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When you take out a student loan to pay for college, interest charges come with the territory. Consider them the price you pay for borrowing money. You can defer making payments toward the principal balance and interest while you’re in school and during your grace period, but do you know what interest is doing during this time and how it impacts your student loan?

Here's a closer look at how interest and capitalized interest work—and how you can avoid extra costs.

## What is capitalized interest?

Let’s first clarify how student loan interest works. Interest on a student loan accrues daily, starting the day your money is disbursed to the school. For most student loans, you are responsible for paying back the interest that accrues while you're in school and during your grace period. The grace period is a window of time when the student is not required to make student loan payments, which is usually six months after graduation for undergraduate loans or dropping below half-time enrollment.

When it’s time to start repaying your student loan, any unpaid interest that accrued is added to your principal balance, which is called capitalization. (The principal balance is the original amount of money you borrowed.) Once in repayment, interest will be calculated using the new, larger principal balance. This increases the total amount you’ll pay for your student loan because you are essentially paying interest on interest.

## How is capitalized interest calculated?

Here’s how capitalized interest adds up. Let’s say you take out an undergraduate student loan starting your freshman year in college. You borrow \$10,000 and have a fixed interest rate of 6%. You decide not to make payments until six months after you graduate. Here’s how much interest will accrue while you’re in school and during the six-month grace period:

Zero payments

Payments begin when grace period ends

Original principal balance \$10,000
Fixed interest rate 6%
Estimated monthly interest accrual \$50.00
Total accrued interest while in school (45 months) \$2,250
Total accrued interest during grace period (6 months) \$300
Total unpaid interest \$2,550
New principal balance \$12,550

In this example, you would accrue \$2,550 in interest, which would then be added to your principal balance. For more examples and to see how capitalized interest impacts the total cost of your loan, check out this article: Is making student loan payments while in school worth it?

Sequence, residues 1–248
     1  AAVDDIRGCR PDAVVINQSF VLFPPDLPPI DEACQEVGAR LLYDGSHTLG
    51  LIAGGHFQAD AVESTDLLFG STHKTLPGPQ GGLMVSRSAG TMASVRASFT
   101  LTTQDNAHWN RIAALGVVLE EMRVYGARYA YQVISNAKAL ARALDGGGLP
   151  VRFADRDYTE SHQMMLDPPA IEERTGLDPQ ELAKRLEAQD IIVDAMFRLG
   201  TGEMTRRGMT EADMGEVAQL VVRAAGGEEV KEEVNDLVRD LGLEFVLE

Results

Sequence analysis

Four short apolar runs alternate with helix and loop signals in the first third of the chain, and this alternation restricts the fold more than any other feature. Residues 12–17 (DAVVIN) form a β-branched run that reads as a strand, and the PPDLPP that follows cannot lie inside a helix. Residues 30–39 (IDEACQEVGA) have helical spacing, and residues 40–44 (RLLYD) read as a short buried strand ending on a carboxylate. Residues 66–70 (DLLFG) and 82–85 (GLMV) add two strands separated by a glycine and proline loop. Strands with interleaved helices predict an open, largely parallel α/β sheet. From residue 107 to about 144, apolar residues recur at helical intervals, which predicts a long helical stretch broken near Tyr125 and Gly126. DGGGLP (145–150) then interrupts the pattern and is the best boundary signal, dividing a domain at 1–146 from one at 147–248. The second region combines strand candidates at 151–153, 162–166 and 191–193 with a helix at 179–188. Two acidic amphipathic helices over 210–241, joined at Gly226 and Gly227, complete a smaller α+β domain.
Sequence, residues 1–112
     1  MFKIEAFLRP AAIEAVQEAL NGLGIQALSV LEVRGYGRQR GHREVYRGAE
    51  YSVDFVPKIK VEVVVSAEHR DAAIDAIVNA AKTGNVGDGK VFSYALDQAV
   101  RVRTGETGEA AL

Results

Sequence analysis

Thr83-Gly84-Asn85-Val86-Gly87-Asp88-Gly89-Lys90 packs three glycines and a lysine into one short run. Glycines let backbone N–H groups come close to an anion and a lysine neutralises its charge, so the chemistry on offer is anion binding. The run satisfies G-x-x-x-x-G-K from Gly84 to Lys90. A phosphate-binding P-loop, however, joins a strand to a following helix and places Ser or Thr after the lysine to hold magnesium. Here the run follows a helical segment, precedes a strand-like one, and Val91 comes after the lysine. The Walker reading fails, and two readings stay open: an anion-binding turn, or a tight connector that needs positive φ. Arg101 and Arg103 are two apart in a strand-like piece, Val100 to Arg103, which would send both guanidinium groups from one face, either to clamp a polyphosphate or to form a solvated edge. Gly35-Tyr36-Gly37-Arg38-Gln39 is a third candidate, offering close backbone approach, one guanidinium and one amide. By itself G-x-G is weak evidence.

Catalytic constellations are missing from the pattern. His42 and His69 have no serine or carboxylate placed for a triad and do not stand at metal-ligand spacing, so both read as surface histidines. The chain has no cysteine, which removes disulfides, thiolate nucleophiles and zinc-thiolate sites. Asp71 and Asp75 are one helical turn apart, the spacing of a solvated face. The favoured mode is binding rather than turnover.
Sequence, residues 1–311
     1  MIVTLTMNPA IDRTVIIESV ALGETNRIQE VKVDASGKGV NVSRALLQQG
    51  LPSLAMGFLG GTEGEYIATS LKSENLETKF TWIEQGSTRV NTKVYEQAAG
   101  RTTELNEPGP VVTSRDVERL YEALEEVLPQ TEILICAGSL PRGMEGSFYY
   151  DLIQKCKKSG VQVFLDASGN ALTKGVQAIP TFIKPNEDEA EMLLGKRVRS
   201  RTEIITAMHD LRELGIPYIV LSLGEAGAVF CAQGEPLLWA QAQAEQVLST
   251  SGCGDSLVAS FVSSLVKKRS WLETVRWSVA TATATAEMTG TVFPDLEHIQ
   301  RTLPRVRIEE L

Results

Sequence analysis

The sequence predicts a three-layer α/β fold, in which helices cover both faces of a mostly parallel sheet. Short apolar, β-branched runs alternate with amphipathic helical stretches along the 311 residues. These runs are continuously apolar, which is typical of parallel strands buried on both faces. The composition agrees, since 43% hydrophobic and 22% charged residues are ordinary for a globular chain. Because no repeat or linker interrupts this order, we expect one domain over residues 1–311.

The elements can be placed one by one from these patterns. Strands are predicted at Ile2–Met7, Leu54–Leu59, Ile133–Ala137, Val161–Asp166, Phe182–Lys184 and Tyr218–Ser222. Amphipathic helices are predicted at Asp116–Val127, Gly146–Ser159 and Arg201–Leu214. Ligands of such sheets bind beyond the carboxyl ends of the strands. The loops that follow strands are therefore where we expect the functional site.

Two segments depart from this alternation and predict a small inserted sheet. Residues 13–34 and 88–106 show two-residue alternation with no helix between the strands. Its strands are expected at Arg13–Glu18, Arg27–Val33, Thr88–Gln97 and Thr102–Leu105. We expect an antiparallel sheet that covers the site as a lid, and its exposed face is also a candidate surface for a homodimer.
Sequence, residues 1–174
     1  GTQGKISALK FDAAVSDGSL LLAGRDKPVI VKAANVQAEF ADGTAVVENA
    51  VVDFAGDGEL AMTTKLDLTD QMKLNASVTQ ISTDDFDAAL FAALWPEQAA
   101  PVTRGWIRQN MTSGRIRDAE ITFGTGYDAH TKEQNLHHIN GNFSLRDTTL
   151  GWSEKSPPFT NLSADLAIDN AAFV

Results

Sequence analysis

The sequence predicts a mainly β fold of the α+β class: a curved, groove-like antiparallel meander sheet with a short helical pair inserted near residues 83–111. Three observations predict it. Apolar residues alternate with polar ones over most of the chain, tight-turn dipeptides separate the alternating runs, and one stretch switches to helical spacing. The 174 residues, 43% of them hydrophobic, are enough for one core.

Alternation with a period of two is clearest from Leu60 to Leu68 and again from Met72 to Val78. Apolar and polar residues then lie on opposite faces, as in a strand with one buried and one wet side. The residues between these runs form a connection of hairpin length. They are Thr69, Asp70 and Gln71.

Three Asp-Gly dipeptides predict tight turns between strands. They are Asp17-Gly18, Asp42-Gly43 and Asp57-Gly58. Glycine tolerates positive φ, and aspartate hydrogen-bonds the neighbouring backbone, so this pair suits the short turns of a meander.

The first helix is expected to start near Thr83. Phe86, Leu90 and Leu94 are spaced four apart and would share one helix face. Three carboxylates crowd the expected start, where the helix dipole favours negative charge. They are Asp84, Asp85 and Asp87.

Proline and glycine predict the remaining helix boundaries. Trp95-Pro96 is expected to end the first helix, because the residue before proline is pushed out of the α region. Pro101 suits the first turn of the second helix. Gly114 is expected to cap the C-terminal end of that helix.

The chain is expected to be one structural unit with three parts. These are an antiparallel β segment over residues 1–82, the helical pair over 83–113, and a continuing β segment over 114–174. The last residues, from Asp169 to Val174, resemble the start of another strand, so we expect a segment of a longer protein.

## When does interest capitalize?

Interest capitalizes following periods of grace, deferment, and forbearance. Also, interest accrues during certain types of repayment programs where monthly payments may be temporarily postponed, and it capitalizes when it’s time to start making payments.

## What type of student loans accrue and capitalize interest?

It's important to understand the type of student loan you have so you know if you (or the federal government) are responsible for paying the accruing interest and when it capitalizes. Since all loans accrue interest, this will help you determine what steps you can take to avoid or reduce the amount of capitalized interest on your loan. Here’s a helpful guide:

Subsidized Federal Student Loans Unsubsidized Federal Student Loans Private Student Loans
Am I responsible for accrued interest while I’m in school? No Yes Yes
Am I responsible for accrued interest during the grace period?
No Yes Yes
Am I responsible for accrued interest during deferment? No Yes Yes
Am I responsible for accrued interest during forbearance? Yes Yes
Yes
Does unpaid accrued interest capitalize? Yes Yes
Yes

Both federal and private loans have options to help you during times of financial need. Interest accrues and capitalizes for some of these options so check with your lender or loan servicer to learn more about how interest works. Also keep in mind that every private student loan is different so make sure you understand the details on how capitalized interest works for your loan.

## How can I avoid capitalized interest?

Capitalized interest might be an unwelcome surprise if you aren’t expecting it. Here are some ways to avoid or minimize its impact on your student loan:

• The best way to avoid the effects of capitalized interest is to pay the interest while you’re in school and during your grace period. The best time to start is when your loan disburses.
• Cash-strapped college students may find it difficult to make interest-only payments while in school. Making small payments can reduce the amount of interest that capitalizes if full interest payments are not feasible.
• Another option is to make payments during the summers and grace period when you can focus more of your time on working rather than studying.
• Try to stay on top of your payments. Contact your lender or servicer before you miss a payment to see what options they have to help. Keep in mind that if you enroll in programs that stop or reduce your payments, interest will continue to accrue and will be capitalized once you resume regular payments.